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  1. EM Mullally,
  2. CM King,
  3. SC Davies,
  4. AM Mooney,
  5. NC Clark
  1. Knee Injury Control and Clinical Advancement (KICCA) Research Group, St Mary's University, England


Noncontact knee injuries are common in netball and can result in major disability and socioeconomic burden. Different types of single-leg balance (SLB) and single-leg hop (SLH) test have been widely used in a variety of knee sports medicine contexts. Knowledge of SLB and SLH test performance can help inform the clinician regarding an athlete's risk of knee injury. There is, however, a gap in the scientific literature regarding SLB and SLH test performance in adult netball players. Therefore, the purpose of this study was to describe pre-season performance of a battery of SLB and SLH tests considered clinically important in knee injury control in an English adult netball club. The Illinois Agility Test (IAT) was also performed to represent netball-related agility. After university ethics approval was obtained and informed consent completed, 23 female netball players participated (mean±standard deviation (SD): age 29±6 y; height 171.6±7.0 cm; mass 68.2±9.8 kg; defence n=10; centre n=2; attack n=11). All reported being uninjured, available for selection and registered for pre-season training. Test order was: barefoot eyes closed balance (ECB; sec), shod triple hop for distance (THD; cm), single hop for distance (SHD; cm) and vertical hop (VH; cm). Leg order was right (R), left (L). The IAT was conducted last. Practice trials and then three measured trials were performed. Appropriate between-trial rest periods were ensured. All tests have previously reported reliability. The mean of measured trials was used for descriptive statistics. All players successfully completed all tests. Mean±SD values were: ECB, R 22.5±15.8 s, L 29.6±15.5 s; THD, R 463.1±53.2 cm, L 464.6±38.7 cm; SHD, R 167.0±18.0 cm, L 166.4±15.7 cm; VH, R 20.0±3.7 cm, L 19.5±3.1 cm; IAT, 19.5±1.3 sec. Across all tests, mean data were comparable to mean data published by other research groups for females of similar age playing in other agility-focused team sports at similar levels of competition. Because the present data were comparable to data from other research groups, the present data were accepted and corroborated as a representation of the motor performances contained within each of the tests. The present and new data can, therefore, be used at several points during the knee injury control decision-making process for adult female netball players.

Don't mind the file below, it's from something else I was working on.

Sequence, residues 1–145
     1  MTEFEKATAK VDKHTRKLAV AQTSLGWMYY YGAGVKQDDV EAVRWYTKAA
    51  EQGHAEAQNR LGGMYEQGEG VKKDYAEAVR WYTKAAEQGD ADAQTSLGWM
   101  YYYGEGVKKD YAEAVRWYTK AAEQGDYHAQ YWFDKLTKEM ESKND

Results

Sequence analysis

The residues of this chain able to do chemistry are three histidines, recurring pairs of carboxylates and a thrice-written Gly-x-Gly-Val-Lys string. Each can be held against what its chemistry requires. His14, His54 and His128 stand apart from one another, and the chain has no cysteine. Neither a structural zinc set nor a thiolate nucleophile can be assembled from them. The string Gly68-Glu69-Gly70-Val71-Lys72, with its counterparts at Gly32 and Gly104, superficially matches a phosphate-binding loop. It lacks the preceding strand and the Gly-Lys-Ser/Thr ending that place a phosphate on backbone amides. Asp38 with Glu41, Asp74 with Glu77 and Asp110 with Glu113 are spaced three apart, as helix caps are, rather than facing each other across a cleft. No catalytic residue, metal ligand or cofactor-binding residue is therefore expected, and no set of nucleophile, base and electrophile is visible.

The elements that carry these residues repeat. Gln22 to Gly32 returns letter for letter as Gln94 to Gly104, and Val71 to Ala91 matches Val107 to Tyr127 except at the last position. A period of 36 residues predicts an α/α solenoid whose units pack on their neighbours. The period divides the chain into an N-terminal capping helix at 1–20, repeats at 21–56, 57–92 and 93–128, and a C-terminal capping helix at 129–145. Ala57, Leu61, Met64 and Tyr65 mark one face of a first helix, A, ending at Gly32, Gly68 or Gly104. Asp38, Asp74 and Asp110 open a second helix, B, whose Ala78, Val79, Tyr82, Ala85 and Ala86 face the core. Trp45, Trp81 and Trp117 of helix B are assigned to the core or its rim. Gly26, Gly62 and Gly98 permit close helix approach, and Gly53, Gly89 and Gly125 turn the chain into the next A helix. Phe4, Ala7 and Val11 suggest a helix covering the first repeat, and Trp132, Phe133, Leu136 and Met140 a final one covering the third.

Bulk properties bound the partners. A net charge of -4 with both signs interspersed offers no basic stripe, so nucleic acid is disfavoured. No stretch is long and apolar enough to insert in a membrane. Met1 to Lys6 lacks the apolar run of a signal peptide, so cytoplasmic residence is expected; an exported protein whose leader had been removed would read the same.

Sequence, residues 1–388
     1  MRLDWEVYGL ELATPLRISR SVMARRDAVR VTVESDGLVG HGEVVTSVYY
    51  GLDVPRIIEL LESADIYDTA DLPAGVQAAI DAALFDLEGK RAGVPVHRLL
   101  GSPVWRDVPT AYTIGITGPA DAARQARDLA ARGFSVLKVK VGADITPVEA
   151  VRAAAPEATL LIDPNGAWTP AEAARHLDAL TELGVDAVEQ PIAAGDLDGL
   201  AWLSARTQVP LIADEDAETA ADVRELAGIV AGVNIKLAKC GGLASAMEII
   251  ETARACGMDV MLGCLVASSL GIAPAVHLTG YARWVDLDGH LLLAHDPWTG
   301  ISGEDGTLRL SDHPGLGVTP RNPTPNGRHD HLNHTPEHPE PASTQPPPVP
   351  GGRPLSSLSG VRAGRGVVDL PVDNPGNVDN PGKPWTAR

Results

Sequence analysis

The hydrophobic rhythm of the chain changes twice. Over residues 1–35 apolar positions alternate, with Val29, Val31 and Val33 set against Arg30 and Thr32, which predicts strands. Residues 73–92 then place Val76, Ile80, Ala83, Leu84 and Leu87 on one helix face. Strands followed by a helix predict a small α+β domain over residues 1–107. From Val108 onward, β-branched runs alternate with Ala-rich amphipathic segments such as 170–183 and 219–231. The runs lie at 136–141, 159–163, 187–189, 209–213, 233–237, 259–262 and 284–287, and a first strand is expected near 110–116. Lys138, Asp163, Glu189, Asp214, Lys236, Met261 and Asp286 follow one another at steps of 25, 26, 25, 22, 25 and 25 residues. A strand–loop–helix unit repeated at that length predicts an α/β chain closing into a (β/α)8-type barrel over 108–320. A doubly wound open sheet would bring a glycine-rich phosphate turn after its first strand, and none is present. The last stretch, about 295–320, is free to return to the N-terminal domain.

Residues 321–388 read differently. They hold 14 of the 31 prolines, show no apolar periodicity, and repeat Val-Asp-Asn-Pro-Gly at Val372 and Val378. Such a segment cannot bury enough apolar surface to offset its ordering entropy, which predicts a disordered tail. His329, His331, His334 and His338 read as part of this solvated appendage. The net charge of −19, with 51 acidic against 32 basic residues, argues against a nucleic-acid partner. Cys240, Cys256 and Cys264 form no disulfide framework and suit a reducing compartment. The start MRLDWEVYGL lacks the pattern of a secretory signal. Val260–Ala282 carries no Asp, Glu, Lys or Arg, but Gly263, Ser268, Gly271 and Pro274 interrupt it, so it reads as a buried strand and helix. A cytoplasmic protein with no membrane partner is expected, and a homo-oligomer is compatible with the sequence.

• Sports medicine

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